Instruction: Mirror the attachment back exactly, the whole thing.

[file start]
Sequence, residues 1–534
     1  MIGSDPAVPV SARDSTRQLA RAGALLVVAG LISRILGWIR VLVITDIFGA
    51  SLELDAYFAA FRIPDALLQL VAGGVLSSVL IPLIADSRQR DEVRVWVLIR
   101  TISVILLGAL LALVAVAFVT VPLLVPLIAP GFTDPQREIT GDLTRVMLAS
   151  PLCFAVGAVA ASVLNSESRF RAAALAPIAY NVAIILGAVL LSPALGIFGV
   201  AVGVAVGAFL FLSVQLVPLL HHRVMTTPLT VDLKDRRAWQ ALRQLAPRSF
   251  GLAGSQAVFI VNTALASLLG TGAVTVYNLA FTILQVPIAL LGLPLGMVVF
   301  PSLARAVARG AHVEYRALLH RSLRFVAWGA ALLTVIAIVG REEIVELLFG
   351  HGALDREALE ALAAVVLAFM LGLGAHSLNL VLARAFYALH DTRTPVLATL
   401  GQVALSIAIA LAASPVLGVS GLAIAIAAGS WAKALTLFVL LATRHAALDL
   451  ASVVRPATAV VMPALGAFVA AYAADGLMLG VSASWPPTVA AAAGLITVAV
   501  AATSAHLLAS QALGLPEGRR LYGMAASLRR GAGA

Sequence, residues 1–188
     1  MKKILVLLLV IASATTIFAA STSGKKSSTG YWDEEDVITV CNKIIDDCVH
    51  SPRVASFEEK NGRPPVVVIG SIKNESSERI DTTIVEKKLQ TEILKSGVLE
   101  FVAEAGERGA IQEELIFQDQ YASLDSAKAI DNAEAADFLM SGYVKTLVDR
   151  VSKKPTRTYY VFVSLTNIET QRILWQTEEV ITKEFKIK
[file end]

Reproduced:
Sequence, residues 1–534
     1  MIGSDPAVPV SARDSTRQLA RAGALLVVAG LISRILGWIR VLVITDIFGA
    51  SLELDAYFAA FRIPDALLQL VAGGVLSSVL IPLIADSRQR DEVRVWVLIR
   101  TISVILLGAL LALVAVAFVT VPLLVPLIAP GFTDPQREIT GDLTRVMLAS
   151  PLCFAVGAVA ASVLNSESRF RAAALAPIAY NVAIILGAVL LSPALGIFGV
   201  AVGVAVGAFL FLSVQLVPLL HHRVMTTPLT VDLKDRRAWQ ALRQLAPRSF
   251  GLAGSQAVFI VNTALASLLG TGAVTVYNLA FTILQVPIAL LGLPLGMVVF
   301  PSLARAVARG AHVEYRALLH RSLRFVAWGA ALLTVIAIVG REEIVELLFG
   351  HGALDREALE ALAAVVLAFM LGLGAHSLNL VLARAFYALH DTRTPVLATL
   401  GQVALSIAIA LAASPVLGVS GLAIAIAAGS WAKALTLFVL LATRHAALDL
   451  ASVVRPATAV VMPALGAFVA AYAADGLMLG VSASWPPTVA AAAGLITVAV
   501  AATSAHLLAS QALGLPEGRR LYGMAASLRR GAGA

Sequence, residues 1–188
     1  MKKILVLLLV IASATTIFAA STSGKKSSTG YWDEEDVITV CNKIIDDCVH
    51  SPRVASFEEK NGRPPVVVIG SIKNESSERI DTTIVEKKLQ TEILKSGVLE
   101  FVAEAGERGA IQEELIFQDQ YASLDSAKAI DNAEAADFLM SGYVKTLVDR
   151  VSKKPTRTYY VFVSLTNIET QRILWQTEEV ITKEFKIK